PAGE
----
The Montreal/New Musics Festival: back to the future of music

February 10, 2017

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What’s going on in the world of contemporary music and musical creation? You’ll get a good idea at the Montreal/New Musics Festival, organized by the Société de musique contemporaine du Québec (SMCQ), celebrating its 50th anniversary this year.

The successors to Stravinsky, Debussy and Brahms have all kinds of new tools at their disposal, and their ambition is to create pieces that fully reflect their time. To celebrate creativity in music, this year’s festival draws inspiration from the past – the better to see into the future.

We spoke with Walter Boudreau, the SMCQ’s artistic director, who is also a composer, conductor and director of the Montreal/New Musics festival.

What is new music?

It’s music of our time, being composed today. It is a direct descendant of classical music. Today, contemporary music is being composed in countless forms, and is not restricted to ensembles that play classical instruments. For example, some orchestras now include electronic sounds and components. That gives the music incredible momentum, and it has evolved faster in the last 25 years than it did in the previous three centuries.

What will audiences find at the festival?

The theme for the 50th anniversary of the SMCQ – back to the future – will resonate throughout the festival. To celebrate so many years of musical creation, we are looking backward and forward at the same time. So it will be a very expansive panorama. We will present small and large ensembles, as well as soloists such as the Mexican cellist Iracema de Andrade, who incorporates video and electronic music into her work. Meanwhile, the Orchestre symphonique de Montréal will perform a work by Serge Garant, the SMCQ’s first director. There’s also a 100th anniversary performance of Stravinsky’s The Soldier’s Tale. The program is varied and will certainly give people an idea of what’s happening in musical creation in Quebec and around the world.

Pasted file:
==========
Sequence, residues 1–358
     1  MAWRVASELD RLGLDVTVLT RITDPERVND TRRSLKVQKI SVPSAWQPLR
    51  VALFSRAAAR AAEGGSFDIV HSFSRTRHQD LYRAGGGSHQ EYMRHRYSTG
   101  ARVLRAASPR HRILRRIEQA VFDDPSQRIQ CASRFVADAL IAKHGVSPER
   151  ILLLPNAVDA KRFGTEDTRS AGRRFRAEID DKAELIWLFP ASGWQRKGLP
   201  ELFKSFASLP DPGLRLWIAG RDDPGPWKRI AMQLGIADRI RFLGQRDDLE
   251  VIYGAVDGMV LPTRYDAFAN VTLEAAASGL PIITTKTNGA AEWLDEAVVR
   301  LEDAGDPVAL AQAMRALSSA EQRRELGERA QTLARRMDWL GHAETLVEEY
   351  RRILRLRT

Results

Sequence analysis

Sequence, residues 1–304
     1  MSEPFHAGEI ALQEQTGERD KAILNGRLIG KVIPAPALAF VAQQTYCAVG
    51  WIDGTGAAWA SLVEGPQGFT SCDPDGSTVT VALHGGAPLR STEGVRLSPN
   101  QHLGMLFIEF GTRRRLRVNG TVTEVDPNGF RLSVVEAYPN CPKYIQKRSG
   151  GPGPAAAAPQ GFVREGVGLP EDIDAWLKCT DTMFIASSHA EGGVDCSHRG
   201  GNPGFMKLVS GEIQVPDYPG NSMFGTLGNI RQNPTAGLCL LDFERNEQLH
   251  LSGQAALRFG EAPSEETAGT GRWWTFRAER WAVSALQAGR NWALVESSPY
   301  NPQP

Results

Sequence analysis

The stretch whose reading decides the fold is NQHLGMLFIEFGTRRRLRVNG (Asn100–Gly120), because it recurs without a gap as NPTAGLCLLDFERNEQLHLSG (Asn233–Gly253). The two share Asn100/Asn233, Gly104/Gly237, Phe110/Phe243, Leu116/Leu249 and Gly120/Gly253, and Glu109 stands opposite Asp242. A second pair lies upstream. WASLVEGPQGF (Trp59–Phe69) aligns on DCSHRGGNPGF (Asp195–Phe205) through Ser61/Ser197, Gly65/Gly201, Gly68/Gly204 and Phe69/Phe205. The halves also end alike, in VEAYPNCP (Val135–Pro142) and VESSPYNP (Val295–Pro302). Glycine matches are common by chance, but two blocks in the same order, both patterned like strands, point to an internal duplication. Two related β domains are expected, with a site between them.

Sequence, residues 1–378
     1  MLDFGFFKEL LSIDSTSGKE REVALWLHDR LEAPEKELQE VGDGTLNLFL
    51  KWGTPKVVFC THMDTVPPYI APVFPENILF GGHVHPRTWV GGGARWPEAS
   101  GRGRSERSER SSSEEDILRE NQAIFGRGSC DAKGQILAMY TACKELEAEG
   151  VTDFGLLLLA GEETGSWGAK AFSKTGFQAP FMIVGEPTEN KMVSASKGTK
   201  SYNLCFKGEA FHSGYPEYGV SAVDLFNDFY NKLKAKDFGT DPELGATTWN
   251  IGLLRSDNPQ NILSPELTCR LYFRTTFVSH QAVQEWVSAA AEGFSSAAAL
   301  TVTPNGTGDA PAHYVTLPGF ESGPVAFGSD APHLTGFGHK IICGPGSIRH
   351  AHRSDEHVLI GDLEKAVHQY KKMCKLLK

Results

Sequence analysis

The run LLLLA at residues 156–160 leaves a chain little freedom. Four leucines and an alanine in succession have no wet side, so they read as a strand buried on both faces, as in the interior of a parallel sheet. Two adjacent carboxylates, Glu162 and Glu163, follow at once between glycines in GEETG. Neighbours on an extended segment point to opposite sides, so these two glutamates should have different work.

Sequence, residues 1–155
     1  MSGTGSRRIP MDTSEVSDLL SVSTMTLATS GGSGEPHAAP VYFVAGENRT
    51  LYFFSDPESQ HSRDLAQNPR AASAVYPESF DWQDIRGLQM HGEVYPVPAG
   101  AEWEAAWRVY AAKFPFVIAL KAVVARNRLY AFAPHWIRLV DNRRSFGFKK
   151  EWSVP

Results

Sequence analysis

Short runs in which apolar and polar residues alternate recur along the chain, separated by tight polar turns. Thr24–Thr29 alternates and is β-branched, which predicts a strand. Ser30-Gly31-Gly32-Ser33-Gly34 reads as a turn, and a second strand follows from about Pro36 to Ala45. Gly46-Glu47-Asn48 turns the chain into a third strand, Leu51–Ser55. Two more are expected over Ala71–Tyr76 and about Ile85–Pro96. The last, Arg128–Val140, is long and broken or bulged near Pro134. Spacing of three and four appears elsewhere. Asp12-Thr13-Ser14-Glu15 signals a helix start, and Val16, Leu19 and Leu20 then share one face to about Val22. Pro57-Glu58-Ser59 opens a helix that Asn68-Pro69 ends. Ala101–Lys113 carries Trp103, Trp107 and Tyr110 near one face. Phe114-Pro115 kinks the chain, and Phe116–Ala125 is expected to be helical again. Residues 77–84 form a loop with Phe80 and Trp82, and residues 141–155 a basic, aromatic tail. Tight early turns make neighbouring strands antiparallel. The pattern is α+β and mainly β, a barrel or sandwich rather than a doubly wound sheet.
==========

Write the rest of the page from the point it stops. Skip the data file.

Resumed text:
Young musicians such as Nicole Lizée and Zosha DiCastri are also featured prominently.

We always try to strike a balance, though not in a strictly calculated way. Our foremost criterion is quality. And so much the better if some of our performers are young, because it’s important to think of the future, and to give young people the chance to express themselves. And it’s also important to play, re-play and revisit certain works, as the pianist Christina Petrowska Quilico will do by performing the Portraits Romantiques by the late Michel-Georges Brégent.

Alongside the festival, you are holding the Salon des nouvelles musiques, in the exhibition space at Place des Arts, from February 10 to March 4.

Visitors will find all sorts of tie-ins to the festival: audio creations, videos and acoustic installations. It’s a bit like a visitor information booth showcasing what the festival has to offer! It’s a fun way to familiarize yourself with our activities. The Salon also includes an exhibition, Écouter un mouvement du voir, curated by Mario Côté.

Don’t miss these 5 events!


Chapelle historique du Bon-Pasteur, February 25 and 26
This show invites children into a world where music sets lines, shapes, materials and textures in motion, delighting all the senses.


Cinquième salle, Place des Arts, February  26
Sixtrum, an ensemble of six percussionists, plays the music of Martin Matalon, composed for a re-reading of Luis Buñuel’s film The Golden Age.


Agora Hydro-Québec, February  24
Contemporary Music Ensemble (CME), conducted by Guillaume Bourgogne, plays pieces by Denys Bouliane, Joseph Glaser, Nicole Lizée and Toronto’s Alexina Louie.

Agora Hydro-Québec, March 1
Vancouver-based ensemble Standing Wave performs the music of Quebec composer Nicole Lizée.


Cinquième salle, Place des Arts, March 3
From Geneva, the ensemble of the Igor Stravinsky Foundation and violinist Hélène Collerette perform this masterpiece composed 100 years ago.

Montreal/New Musics Festival

February 23 to March 4

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